IMDB Top 250: #230 – A Fistful of Dollars (1964)

A Fistful of Dollars
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250 films, 250 reviews. This is a pretty crazy idea, but who doesn’t love a challenge? Here at Cultured Vultures we’ll be counting down the IMDb Top 250 with a review for each from one of our dedicated film writers. Everything from Goodfellas to Casablanca will be covered over the next year or so for you film lovers to enjoy. So you can’t say we don’t spoil you, you lovely lot. – Ashley, Project Lead

By the time Clint Eastwood appeared in Sergio Leone’s iconic western A Fistful of Dollars, he had already been working steadily in film and television for a number of years. Even so, his role as The Stranger feels as though this was the first time he had ever appeared in anything. Although the movie would not be released in the United States until 1967, many people credit this as the film that truly launched Eastwood’s film career. It’s hard to argue with that opinion.

For all of the incredible components that make up this movie, Eastwood stands as the centerpiece. To play this character is essentially to step into the shoes of Toshiro Mifune’s performance in Yojimbo, which A Fistful of Dollars essentially remakes. Imagining anyone else beyond Eastwood succeeding in that endeavor is impossible. The passage of time, as well as an understanding of Eastwood’s remarkable acting career, helps us to think along these terms. At the same time, I would like to imagine that people who saw A Fistful of Dollars when it was a new release felt the same way as the people who watch it for the first time in the present.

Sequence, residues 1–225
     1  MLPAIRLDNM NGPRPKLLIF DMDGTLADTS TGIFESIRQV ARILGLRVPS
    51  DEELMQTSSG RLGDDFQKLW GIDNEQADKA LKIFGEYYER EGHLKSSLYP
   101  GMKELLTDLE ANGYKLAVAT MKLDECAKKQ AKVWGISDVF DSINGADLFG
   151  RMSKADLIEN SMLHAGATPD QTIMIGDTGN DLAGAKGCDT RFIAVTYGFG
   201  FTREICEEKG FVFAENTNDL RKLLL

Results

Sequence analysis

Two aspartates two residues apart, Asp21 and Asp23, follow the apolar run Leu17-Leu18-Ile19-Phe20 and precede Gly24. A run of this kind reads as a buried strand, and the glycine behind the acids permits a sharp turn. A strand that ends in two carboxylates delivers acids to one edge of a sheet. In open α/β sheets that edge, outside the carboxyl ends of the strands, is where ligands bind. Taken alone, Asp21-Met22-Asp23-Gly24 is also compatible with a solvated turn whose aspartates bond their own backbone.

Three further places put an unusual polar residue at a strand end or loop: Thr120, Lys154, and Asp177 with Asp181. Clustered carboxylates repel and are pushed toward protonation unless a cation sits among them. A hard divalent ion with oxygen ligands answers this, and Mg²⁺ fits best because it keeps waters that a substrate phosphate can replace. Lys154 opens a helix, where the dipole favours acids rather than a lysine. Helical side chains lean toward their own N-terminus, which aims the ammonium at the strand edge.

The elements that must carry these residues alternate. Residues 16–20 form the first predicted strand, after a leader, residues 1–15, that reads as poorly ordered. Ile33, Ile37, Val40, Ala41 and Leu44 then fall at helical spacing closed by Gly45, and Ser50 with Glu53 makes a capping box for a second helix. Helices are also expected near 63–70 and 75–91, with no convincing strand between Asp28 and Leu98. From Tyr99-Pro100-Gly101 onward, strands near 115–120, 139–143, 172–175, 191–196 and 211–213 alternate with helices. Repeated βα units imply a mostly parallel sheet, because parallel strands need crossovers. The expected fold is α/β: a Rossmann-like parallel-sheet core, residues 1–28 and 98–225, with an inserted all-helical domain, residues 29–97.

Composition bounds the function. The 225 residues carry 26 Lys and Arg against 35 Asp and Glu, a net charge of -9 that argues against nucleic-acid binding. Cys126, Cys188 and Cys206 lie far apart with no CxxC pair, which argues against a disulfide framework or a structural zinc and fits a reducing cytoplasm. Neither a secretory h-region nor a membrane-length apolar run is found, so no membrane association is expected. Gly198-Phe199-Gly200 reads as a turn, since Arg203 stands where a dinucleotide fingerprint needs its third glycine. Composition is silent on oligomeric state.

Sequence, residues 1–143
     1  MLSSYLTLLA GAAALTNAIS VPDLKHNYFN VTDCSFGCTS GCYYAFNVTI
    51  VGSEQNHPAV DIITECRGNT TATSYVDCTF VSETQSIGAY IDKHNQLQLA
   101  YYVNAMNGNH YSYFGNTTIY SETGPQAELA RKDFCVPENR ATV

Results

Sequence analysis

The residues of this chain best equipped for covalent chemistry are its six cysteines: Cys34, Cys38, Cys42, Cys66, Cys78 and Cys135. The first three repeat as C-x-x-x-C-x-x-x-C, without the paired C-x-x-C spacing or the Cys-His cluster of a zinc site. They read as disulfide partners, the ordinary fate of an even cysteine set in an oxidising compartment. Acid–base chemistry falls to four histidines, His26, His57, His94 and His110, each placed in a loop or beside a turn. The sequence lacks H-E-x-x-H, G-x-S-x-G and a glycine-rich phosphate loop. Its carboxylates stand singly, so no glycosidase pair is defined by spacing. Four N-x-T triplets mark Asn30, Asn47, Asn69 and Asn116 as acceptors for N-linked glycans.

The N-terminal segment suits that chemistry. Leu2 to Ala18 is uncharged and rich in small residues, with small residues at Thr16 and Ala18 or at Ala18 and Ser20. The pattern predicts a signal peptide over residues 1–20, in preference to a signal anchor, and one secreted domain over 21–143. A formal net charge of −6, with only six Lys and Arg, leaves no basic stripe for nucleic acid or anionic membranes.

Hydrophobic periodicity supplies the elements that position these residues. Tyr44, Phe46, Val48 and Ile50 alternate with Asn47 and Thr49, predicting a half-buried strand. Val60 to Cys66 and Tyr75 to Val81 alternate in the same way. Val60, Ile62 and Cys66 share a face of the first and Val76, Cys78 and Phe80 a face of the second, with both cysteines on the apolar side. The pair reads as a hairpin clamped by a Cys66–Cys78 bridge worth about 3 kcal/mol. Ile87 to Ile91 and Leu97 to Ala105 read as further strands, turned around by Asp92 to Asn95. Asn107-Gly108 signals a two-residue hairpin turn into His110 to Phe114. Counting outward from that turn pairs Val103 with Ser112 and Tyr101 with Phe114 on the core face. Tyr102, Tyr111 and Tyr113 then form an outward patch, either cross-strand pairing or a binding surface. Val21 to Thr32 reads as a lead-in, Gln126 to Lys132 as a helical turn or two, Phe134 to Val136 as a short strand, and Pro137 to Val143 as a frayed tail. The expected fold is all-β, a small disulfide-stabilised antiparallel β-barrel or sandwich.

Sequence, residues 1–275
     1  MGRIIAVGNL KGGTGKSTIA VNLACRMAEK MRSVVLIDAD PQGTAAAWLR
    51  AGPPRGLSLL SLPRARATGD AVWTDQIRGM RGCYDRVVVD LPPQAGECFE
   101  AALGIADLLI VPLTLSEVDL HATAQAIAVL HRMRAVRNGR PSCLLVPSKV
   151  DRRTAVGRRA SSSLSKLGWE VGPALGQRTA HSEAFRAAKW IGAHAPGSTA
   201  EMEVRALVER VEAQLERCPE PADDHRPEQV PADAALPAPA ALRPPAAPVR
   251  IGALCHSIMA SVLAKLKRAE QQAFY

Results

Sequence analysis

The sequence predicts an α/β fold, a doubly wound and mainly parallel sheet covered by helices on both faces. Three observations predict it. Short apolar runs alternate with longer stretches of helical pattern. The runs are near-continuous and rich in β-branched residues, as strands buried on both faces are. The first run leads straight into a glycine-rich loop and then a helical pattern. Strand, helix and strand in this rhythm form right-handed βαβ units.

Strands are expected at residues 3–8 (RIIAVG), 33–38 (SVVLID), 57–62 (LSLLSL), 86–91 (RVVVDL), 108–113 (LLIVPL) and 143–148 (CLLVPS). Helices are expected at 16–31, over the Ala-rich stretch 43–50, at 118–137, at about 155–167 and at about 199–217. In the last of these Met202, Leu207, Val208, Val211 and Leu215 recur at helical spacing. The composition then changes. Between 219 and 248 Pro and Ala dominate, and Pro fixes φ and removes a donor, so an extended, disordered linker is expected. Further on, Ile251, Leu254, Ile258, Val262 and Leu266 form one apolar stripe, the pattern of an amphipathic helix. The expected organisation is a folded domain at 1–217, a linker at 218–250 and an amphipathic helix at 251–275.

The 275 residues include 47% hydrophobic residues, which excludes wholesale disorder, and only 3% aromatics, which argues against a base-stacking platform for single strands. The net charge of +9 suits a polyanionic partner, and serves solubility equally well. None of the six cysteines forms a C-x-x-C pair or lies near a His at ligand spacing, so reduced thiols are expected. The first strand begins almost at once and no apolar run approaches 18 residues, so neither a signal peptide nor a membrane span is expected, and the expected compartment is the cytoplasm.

There was something about the mere presence of Clint Eastwood that could be captivating. He speaks infrequently during A Fistful of Dollars, but everything he says and does makes an impact. Everything contributes to what many people consider to be the definitive Eastwood persona, even above that of Harry Callahan. For some, Eastwood as The Stranger is as significant to the western genre as a whole as John Wayne as Rooster Cogburn.

As great as Eastwood is, he is hardly the only stellar element to this film. The best films of Sergio Leone are not simply great examples of westerns, spaghetti westerns, crime films, or whatever you like. The best films of Leone’s directorial career are quite simply breathtaking examples of singular creativity and inimitable energy. As a straightforward action piece that offers vast quantities of style, without really demanding much more beyond the request that you strap in and enjoy the ride, A Fistful of Dollars is quite frankly flawless. From the moment The Stranger arrives in a town that has been torn to shreds by two warring crime family factions, to the legendary showdown that leaves you in absolute awe of how a movie can culminate with an immensely satisfying conclusion, A Fistful of Dollars never really lets up.

There are some mildly silly moments that surface here and there, but those are overwhelmed by watching a definitive movie badass effortlessly, brilliantly play the two warring factions against other. Anything about the film that strikes you as dated is easy to ignore, in the face of Leone’s talent for building tension, rolling out a wide variety of cinematic tricks to establish his peerless style, and letting the music of Ennio Morricone add a few moments of flair all on its own. It’s not hard to understand why the movie continues to find an appreciative audience.

Call it a rip-off of Yojimbo all you want. Leone, as well as the long list of screenwriters who contributed one thing or another to the script, makes this film his own. Eastwood is essential to that thought, as well. Even if you don’t care about any of that, even if you’re not a particularly big fan of westerns, if you simply want a movie that defines cool, A Fistful of Dollars should accommodate you nicely. If you want to start with a heavyweight for any “best-of” for Sergio Leone, start here. It’s a classic that retains the vibrancy of the moment it was finished.

Note: the IMDb Top 250 Cultured Vultures are using is based on the standings from the 16th of November. Inconsistencies may apply.

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